Author Topic: Fairfax2019  (Read 39477 times)

gary17

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Re: Fairfax2019
« Reply #80 on: September 06, 2019, 07:31:20 AM »
thanks
  i think BRK has a lot of cash , probably stand to benefit.

  FFH is cheap but of lesser quality and questionable culture.   hard for me to pull the trigger.


John Hjorth

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Re: Fairfax2019
« Reply #81 on: September 06, 2019, 08:12:23 AM »
https://www.woodlockhousefamilycapital.com/post/the-horse-story

This. Thank you for sharing, wisowis. Chris Mayer bents it in neon tubes : -Buy, if you're interested &/or want to get in, -hold on, if you're at full position [for you], & do not sell here at these levels.
ĒIn the race of excellence Ö there is no finish line.Ē
-HH Sheikh Mohammed Bin Rashid Al Maktoum, Vice President and Prime Minister of the United Arab Emirates and Ruler of Dubai

Spekulatius

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Re: Fairfax2019
« Reply #82 on: September 06, 2019, 05:23:55 PM »
Of course.  The hard market starts to appear when insurers, that have under-priced their contracts, consume capital in payouts for catastrophe losses.  These insurers tend to write less business as they need to preserve capital.  So, the insurers that have a counter-cyclical approach (i.e., write less business when pricing is soft and more when pricing is firm) have lots of available capital just as pricing increases (post-catastrophe pricing usually increases) and the overall capital is shrinking.  Hard markets can last a few months or a couple of years, often in niche categories, so putting capital to work at high rates for long periods is the aim of the game.  Not every insurer is geared to do this, so lots get caught up in increasing top-line revenues year by year.  Multi-cat years will shake out the weak capital.

- O

is a hard market good for P and C insurers?

The problem is now that so much hybrid capital (catastrophe bonds  etc.) is on standby to take advantage of any hard market, should it occur. Unless we have an unfavorable credit market at the same time than a hard insurance market, I donít see hard markets lasting.
To be a realist, one has to believe in miracles.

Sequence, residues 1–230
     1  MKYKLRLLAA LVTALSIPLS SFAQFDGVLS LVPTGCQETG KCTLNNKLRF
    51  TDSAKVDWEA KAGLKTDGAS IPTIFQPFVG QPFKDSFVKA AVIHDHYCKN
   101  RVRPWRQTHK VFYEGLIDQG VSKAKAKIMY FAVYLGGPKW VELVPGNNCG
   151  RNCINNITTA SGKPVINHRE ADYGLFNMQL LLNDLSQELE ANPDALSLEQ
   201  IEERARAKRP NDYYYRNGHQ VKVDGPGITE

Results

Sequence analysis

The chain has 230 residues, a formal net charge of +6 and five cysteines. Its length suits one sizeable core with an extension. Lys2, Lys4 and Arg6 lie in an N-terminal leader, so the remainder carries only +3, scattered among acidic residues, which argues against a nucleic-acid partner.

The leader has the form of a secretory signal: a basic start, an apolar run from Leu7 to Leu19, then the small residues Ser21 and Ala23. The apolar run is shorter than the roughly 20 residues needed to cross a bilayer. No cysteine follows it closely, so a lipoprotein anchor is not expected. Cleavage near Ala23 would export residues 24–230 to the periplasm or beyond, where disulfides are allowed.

Spekulatius

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Re: Fairfax2019
« Reply #83 on: September 07, 2019, 08:52:47 AM »


$6b debt at the holding company is net $4b after cash...and the insurance companies do not have a lot of debt as they are strategically being less levered to be able to take advantage of an event, maintain high ratings and once you dividend their access capital to the holding company itís gone...so it does not concern me. Insurance companies are vastly undervalued.

Belated answer - the $4.3B in net debt with a $12.5B equity base is still higher than many other insurance cos that are typically 20-25% levered. Most other insurance cos donít have the equity exposure that FFH has though FF India, Africa and various other holdings. It clearly is a more levered insurer than many others.

FWIW, I sold my FF holding when it went to $480+ and essentially put the proceeds into BRKB, which consider a better bet. I would consider buying back FFH below $430, but that would probably be for a trade.
To be a realist, one has to believe in miracles.

UK

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Re: Fairfax2019
« Reply #84 on: September 08, 2019, 04:28:37 AM »
https://www.wsj.com/articles/storm-clouds-not-capital-ones-ease-for-reinsurers-11567767780

"Reinsurersí shares already have made huge gains this year. Arch Capital Group Ltd. and RenaissanceRe Holdings Ltd. are up 54% and 41% respectively. Arch Capital is priced at about 1.7 times book value, and RenaissanceRe is at 1.6 times. The latter is close to its highest level since 2007 on that measure."